Knife attachment points are an even greater concern for paddlers that can re-enter their craft from the water (raft, packraft, IK, etc.). The knife handle or sheath frequently snags on a tube, coaming, or perimeter line during the attempted wet re-entry.

I watched a friend lose his knife while practicing wet re-entries in a packraft course a few years ago. We gave up on trying to spot the knife on the riverbed, but when he got to shore he found it loose inside the boat’s cockpit! Yikes! Good thing it was blunt-tipped.

A packraft wet re-entry, from The Packraft Handbook.

One solution is to carry a knife inside a vest pocket. In fact, some vests are designed with only this option (e.g., the Palm Nevis). The sleeve is designed to hold a folding knife. In theory, the knife can be removed and opened with one hand, but in my practice, this is challenging.

The Palm Nevis, with knife sleeve
Palm’s folding river knife with a bite tab to assist one-handed opening.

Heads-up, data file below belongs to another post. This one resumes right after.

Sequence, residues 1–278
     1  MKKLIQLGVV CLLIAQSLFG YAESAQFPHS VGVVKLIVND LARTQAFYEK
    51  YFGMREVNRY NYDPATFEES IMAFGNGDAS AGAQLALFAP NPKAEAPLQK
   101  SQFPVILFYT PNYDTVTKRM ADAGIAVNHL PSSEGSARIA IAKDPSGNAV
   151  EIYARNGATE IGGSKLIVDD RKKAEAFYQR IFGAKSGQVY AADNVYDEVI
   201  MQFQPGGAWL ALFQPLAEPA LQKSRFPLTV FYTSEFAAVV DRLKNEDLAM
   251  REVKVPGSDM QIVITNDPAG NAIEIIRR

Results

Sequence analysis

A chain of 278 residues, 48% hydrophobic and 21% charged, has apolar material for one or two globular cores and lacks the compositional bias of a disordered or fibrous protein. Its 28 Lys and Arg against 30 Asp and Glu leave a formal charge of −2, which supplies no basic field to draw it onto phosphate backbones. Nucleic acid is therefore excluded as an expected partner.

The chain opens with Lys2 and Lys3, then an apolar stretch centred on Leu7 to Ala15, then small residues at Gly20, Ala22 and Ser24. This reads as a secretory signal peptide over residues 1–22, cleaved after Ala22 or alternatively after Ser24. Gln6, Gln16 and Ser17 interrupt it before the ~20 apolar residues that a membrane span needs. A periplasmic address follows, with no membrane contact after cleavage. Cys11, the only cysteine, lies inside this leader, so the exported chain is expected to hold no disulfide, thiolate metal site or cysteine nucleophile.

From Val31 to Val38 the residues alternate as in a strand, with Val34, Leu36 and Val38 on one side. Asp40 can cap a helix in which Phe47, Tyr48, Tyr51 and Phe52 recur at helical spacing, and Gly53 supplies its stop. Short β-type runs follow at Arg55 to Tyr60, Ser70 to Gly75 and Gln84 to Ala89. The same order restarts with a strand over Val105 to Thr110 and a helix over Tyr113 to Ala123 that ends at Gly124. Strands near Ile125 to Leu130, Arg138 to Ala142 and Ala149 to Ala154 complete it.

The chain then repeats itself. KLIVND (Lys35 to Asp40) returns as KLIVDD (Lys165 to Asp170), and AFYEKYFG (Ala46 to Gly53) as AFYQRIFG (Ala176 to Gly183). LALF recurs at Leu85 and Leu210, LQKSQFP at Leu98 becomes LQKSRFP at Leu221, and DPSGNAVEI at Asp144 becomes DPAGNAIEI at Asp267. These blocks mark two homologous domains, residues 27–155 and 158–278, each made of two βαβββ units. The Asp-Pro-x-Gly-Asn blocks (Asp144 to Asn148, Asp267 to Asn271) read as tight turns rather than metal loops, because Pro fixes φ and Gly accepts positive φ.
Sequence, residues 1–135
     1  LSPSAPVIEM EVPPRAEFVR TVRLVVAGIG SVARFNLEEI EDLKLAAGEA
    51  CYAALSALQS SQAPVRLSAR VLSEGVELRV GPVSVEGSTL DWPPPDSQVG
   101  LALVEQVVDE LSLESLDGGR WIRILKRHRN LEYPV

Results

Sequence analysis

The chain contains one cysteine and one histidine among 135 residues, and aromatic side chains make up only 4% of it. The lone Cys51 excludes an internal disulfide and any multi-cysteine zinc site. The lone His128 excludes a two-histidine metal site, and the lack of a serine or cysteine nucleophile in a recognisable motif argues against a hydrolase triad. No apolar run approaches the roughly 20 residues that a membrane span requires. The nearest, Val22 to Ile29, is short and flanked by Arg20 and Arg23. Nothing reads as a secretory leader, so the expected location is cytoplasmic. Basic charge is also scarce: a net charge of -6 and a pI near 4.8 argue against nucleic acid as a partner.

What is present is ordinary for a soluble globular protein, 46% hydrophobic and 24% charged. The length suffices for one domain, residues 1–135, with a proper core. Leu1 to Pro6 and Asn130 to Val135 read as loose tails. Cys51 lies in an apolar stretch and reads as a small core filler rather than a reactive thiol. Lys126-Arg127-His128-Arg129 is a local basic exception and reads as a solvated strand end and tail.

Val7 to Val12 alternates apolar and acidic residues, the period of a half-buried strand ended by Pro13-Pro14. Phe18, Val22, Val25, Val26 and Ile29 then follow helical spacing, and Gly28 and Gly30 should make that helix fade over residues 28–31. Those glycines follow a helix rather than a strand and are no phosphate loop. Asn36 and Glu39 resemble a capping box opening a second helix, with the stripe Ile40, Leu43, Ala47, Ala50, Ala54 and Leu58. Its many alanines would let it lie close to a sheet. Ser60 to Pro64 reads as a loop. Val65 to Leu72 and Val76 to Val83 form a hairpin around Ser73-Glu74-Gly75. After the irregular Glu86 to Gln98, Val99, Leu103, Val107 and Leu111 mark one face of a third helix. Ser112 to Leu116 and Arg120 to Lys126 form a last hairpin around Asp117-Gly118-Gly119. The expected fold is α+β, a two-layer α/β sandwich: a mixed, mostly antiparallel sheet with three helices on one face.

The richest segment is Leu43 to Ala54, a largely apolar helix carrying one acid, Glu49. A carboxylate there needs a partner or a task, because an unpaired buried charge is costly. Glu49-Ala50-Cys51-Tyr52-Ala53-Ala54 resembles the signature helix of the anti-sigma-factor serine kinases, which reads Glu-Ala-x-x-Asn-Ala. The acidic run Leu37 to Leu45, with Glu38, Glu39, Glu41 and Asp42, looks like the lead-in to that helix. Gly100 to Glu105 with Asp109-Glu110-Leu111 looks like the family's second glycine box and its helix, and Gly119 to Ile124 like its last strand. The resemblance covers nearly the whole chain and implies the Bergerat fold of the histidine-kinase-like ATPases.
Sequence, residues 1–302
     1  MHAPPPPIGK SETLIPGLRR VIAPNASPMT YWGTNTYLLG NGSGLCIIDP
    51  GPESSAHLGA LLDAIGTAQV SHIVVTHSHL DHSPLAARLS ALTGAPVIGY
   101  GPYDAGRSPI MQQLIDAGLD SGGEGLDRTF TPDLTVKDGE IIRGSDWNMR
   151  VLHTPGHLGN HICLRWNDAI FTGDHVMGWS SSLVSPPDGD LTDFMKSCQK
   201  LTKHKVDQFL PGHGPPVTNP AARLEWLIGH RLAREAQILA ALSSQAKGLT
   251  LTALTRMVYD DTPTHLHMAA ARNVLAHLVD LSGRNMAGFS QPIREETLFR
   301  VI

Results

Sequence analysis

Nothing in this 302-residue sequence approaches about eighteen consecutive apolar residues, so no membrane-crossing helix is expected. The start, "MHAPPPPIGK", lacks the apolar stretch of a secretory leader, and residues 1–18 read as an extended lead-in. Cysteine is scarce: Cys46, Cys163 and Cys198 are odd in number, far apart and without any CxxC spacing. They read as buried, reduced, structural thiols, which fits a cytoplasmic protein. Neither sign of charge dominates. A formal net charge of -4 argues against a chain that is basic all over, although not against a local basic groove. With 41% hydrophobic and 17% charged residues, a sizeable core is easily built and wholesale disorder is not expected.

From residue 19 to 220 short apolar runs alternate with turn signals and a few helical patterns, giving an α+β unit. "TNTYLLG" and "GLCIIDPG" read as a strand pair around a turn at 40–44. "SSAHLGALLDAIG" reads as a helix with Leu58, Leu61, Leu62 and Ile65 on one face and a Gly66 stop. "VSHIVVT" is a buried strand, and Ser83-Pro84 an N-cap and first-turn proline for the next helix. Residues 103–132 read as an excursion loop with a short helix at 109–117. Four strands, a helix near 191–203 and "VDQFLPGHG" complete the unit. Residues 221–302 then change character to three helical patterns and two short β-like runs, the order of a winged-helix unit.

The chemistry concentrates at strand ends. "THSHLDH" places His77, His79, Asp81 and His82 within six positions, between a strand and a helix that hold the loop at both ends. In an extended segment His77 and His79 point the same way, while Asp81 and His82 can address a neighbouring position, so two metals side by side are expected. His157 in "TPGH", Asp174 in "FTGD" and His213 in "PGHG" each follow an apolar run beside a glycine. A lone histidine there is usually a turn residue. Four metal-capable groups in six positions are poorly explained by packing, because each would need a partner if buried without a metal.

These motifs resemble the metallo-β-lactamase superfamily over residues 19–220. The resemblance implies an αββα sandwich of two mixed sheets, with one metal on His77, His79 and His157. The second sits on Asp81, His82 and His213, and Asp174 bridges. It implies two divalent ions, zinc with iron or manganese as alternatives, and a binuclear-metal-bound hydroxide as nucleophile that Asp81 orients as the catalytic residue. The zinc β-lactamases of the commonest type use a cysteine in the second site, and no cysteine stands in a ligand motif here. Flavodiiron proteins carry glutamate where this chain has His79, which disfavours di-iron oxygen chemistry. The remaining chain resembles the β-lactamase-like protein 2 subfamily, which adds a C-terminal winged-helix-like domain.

The “cut-out scenario,” and my knife recommendation

My attention to knife access and design came into sharp focus during an instructor training refresher with the Swiftwater Safety Institute. We ran a “cut-out scenario” to build muscle memory for a real cut-out. The scenario goes like this: tie a rope around your leg and lay down in a swift current. While underwater, climb your leg to reach the rope, get your knife, and cut yourself free. NOTE: This is a high-risk exercise that requires expertise, thorough assessment, and a solid safety team. This should only be done in a professional course.

A Swiftwater Safety Institute instructor demonstrating the cut-out scenario.

Based on my experience during the cut-out scenario and experience with packrafts, I recommend attaching an asymmetrical, blunt-tipped knife to the PFD lapel. In this position, the knife is easy to access, even underwater, and also less likely to snag on equipment.